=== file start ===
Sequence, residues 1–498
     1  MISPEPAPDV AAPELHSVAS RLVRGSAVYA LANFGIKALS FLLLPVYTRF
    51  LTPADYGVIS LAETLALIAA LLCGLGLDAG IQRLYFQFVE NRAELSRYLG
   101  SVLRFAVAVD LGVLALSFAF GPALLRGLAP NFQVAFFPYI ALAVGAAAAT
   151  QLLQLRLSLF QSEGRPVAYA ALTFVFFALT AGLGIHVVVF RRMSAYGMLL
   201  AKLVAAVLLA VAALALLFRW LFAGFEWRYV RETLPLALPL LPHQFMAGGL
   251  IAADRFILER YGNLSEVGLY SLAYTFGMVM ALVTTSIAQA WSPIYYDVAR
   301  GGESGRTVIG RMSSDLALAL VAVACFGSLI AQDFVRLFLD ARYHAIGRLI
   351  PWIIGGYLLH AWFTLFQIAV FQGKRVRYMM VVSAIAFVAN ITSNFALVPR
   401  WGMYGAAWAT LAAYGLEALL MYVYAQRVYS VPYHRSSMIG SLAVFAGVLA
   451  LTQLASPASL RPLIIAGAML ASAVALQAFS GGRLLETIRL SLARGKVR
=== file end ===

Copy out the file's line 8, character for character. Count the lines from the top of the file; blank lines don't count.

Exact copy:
   301  GGESGRTVIG RMSSDLALAL VAVACFGSLI AQDFVRLFLD ARYHAIGRLI